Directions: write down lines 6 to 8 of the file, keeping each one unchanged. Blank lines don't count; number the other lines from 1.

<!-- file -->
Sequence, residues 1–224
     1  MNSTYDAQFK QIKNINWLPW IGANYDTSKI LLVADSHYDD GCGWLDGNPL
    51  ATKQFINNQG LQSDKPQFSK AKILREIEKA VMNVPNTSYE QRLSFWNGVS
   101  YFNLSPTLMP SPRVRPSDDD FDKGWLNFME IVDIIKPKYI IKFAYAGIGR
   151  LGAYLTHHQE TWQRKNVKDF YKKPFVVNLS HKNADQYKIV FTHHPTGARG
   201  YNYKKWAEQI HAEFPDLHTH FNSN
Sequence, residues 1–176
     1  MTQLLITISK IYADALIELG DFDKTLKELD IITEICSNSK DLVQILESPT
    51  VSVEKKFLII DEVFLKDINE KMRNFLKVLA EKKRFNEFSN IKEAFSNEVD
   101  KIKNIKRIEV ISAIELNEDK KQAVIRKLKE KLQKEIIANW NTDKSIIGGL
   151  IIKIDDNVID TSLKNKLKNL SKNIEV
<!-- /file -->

   201  YNYKKWAEQI HAEFPDLHTH FNSN
Sequence, residues 1–176
     1  MTQLLITISK IYADALIELG DFDKTLKELD IITEICSNSK DLVQILESPT